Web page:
Komi language
коми кыв
komi kyv
Native toRussia
RegionKomi Republic, Nenetsia, Permyakia, Yamalia, Yugra, elsewhere in Russia
Native speakers
99,609 (2020 census)[1]
Cyrillic, Old Permic (formerly)
Official status
Official language in
Language codes
ISO 639-1kv
ISO 639-3kpv
Komi is classified as Definitely Endangered by the UNESCO Atlas of the World's Languages in Danger (2010)
This article contains IPA phonetic symbols. Without proper rendering support, you may see question marks, boxes, or other symbols instead of Unicode characters. For an introductory guide on IPA symbols, see Help:IPA.

The Komi language (Komi: коми кыв, komi kyv), also known as Zyryan, Zyrian or Komi-Zyryan (Komi: коми-зырян кыв, komi-zyrjan kyv),[2] is one of the two regional varieties of the pluricentric Komi language, the other regional variety being Permyak.

Komi is natively spoken by the Komi peoples native to the Komi Republic and other parts of Russia such as Nenetsia and Yamalia. There were 285,000 speakers in 1994, which decreased to 160,000 in 2010. Komi has a standardized form.

It was written in the Old Permic alphabet (Komi: 𐍐𐍝𐍑𐍣𐍒‎, Анбур, Anbur) for liturgical purposes in the 14th century. The Cyrillic script was introduced by Russian missionaries in the 17th century, replacing the Old Permic script. A tradition of secular works of literature in the modern form of the language dates back to the 19th century.


Komi has ten dialects: Prisyktyvkarsky, Lower Vychegdan, Central Vychegdan, Luzsko-letsky, Upper Sysolan, Upper Vychegdan, Pechoran, Izhemsky, Vymsky, and Udorsky. Prisyktyvkarsky is spoken in the region of Syktyvkar and forms the model for the generic standard dialect of the language. Dialects are divided based primarily on their use of /v/ and /l/:[3]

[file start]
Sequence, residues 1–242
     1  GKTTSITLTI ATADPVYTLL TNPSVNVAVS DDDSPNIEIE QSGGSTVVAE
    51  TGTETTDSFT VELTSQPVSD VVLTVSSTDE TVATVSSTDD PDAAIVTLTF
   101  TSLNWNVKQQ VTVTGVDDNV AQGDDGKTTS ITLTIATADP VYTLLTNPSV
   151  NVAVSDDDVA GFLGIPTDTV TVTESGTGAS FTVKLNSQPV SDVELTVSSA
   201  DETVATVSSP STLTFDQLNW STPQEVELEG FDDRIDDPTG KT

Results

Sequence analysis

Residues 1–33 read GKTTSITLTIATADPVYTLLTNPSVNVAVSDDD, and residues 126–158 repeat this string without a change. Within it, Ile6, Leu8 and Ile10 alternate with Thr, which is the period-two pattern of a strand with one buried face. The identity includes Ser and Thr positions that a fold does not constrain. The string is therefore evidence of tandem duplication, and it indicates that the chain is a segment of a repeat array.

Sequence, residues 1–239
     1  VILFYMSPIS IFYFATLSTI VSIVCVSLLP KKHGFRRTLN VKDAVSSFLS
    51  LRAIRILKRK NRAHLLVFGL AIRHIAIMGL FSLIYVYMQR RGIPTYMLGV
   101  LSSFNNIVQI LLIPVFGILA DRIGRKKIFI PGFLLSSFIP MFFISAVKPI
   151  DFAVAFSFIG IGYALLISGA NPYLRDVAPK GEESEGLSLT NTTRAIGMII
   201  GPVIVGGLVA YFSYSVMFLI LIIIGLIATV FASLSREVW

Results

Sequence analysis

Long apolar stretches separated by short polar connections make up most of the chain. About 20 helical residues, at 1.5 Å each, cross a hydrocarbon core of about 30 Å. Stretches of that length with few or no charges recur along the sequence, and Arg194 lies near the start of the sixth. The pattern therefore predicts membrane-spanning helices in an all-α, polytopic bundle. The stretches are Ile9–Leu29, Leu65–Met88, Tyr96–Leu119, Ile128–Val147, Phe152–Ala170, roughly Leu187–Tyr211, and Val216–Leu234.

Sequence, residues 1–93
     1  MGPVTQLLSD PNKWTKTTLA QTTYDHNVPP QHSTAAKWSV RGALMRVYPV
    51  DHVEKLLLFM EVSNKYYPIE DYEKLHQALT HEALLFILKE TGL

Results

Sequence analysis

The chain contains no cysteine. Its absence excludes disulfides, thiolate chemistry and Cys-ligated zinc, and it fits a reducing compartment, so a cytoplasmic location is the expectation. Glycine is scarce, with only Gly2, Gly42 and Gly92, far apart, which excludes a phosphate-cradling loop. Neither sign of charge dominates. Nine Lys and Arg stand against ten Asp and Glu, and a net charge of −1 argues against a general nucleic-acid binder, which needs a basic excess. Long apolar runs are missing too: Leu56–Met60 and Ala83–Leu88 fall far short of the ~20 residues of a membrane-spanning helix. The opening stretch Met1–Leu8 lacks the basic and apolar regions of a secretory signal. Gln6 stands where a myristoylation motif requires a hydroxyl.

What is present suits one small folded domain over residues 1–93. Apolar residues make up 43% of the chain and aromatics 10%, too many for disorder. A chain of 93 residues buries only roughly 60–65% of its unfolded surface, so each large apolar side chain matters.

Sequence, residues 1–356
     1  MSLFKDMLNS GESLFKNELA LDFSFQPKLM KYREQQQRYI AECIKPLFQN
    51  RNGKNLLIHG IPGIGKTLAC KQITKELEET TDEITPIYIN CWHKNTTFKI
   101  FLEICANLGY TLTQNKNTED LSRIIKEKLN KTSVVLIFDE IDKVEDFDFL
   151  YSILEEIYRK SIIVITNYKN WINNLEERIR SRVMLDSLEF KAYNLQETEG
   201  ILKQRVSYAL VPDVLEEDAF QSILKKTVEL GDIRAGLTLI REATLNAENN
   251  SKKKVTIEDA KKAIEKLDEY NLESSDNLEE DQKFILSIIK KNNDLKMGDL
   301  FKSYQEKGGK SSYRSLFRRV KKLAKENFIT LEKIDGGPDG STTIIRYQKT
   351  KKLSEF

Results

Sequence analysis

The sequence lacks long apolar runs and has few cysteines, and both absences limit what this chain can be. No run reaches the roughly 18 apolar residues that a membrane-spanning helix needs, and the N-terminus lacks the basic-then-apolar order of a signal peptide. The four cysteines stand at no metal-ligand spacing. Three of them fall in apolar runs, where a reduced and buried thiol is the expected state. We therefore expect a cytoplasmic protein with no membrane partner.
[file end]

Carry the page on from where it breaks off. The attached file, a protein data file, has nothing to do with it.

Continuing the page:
The start of the change date to the 17th century. It is not seen in the oldest Komi texts from the 14th century, nor in loanwords from Komi to Khanty, dated to the 16th; though it fully occurred before Russian loanwords that entered the language in the 18th century as /l/ remains unchanged in these.

Some dialects are further distinguished based on the palatalized alveolars /dʲ tʲ/, which have unpacked in syllable-final position as clusters /jd jt/.[3]

Komi language

Writing system

Main article: Komi alphabets

A sample of the Komi language words. Upper "Улица Коммунистическая" is in Russian, lower "Коммунистическӧй улича" is in Komi. Both mean "Communist street". This picture was taken in Syktyvkar, the capital of Komi Republic
Trilingual (Russian, Komi, and English) sign in a hotel in Ukhta, Komi Republic

The Old Permic script is the first writing system for Komi. It was invented in the 14th century by the missionary Stepan Khrap. The alphabet resembled medieval Greek and Cyrillic. The script was also known as Anbur (Komi: 𐍐𐍝𐍑𐍣𐍒‎, Анбур), named for the first 2 letters of the script, “an” & “bur” (𐍐 & 𐍑, respectively). It is no longer in use today, though it has received Unicode Support as “Old Permic” in recent times.[4] The script saw use in Komi-inhabited areas, primarily the Principality of Great Perm and parts of Bjarmaland.

In the 16th century, this alphabet was replaced by the Russian alphabet with certain modifications for affricates. In the 1920s the language was written in the Molodtsov alphabet, which also derived from Cyrillic. In the 1930s, during the Latinisation in the Soviet Union, Komi was briefly written with a version of the Latin script. Since the 1940s it uses the Russian-based Cyrillic alphabet with additional letters І, і and Ӧ, ӧ.

Komi alphabet (Коми анбур)[5]
Anbur Cyrillic Cyrillic (Molodtsov) Latin IPA Letter name Notes
𐍐 А а A a [a] а
𐍑 Б б B b [b] бе
𐍮 В в V v [v] ве
𐍒 Г г G g [g] ге
𐍓 Д д Ԁ ԁ

Ԃ ԃ

D d
Ď ď
[ɟ] before е, ё, и, ю, я
𐍖 Дж дж Җ җ Dž dž [dʒ] дже
𐍘 Дз дз Ԇ ԇ Dź dź [dʑ] дзе